“Life was difficult … and people felt forgotten by the government. No one else wanted to care for us. We didn’t feel real service from the government,” Ballaho said.
This was the reason, he said, why many residents felt hopeless. Disheartened and dejected, they joined rebel groups.
But with a functional road, trade and commerce are now possible and people can actually move around, busy going about their daily activities.
The military hopes the road will be instrumental in keeping the guns silent in Basilan.
Ranking military officials credit the completion of the road to the tenacity of Mujiv Hataman, governor of the Autonomous Region in Muslim Mindanao (ARMM), who is a native of Sumisip.
They said Hataman worked well with the military and worked hard at negotiating with armed groups whenever they tried to harass the road project.
Return to Basilan
One officer said the completion of the circumferential road could encourage Basilan residents who had migrated to other places to return to their province and “contribute” to its growth.
According to a Malacañang brief, only a 61.77-km stretch, or 47 percent, of the road was concrete and in good condition when the Aquino administration began to work on it in January 2012.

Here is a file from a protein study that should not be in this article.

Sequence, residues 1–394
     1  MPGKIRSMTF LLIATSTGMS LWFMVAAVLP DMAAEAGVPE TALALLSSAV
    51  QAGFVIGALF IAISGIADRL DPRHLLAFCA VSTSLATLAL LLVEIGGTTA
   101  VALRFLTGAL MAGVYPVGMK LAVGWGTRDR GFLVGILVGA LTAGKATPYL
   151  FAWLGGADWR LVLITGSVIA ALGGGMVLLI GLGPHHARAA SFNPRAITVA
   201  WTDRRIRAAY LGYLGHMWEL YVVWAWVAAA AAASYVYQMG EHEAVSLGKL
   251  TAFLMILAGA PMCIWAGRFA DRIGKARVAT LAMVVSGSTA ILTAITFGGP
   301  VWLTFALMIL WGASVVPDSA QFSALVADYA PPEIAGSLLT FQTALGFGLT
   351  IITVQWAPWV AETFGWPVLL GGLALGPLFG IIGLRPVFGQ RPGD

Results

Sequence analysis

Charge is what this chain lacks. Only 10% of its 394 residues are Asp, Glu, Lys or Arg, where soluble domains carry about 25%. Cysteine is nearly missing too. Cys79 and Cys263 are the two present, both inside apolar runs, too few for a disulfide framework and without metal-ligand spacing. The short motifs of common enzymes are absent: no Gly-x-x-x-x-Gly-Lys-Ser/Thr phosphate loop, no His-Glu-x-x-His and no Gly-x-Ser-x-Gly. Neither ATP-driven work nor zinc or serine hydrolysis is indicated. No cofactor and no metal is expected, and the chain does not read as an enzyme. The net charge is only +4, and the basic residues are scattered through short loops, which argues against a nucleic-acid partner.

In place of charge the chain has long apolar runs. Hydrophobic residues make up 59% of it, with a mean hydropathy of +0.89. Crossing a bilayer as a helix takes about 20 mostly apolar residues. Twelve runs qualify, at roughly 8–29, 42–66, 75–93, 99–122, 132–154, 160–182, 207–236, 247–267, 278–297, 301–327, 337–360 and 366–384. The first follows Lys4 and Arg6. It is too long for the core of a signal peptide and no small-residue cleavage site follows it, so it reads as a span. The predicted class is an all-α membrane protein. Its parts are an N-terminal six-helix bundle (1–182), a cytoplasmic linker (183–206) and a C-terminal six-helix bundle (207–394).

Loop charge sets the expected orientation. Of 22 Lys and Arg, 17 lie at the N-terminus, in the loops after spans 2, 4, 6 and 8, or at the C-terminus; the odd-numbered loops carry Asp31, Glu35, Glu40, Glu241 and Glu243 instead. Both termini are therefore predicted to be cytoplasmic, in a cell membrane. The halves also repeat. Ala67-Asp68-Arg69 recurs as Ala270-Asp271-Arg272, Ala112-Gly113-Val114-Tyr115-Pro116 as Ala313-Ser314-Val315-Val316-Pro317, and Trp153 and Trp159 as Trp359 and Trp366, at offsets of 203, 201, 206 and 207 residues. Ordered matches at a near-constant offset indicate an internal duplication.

“Traversing the road was inconvenient, time consuming and prone to accidents, as some sections were rocky, muddy and slippery and impassable during the rainy season. Some [portions of the road] were also dangerous to take, as lawless elements engage in highway robbery, ambush and [vehicle theft]. Transport service was also scarce and expensive,” the brief said.
The Aquino administration spent P1.83 billion for the concreting of 51.56 km of the road’s unpaved sections. Some old parts of the road were also rehabilitated.
Basilan’s 450,000 residents now benefit from the road—residents like Ballaho who said that with the completion of the road, “there’s no more fear in our hearts.” TVJ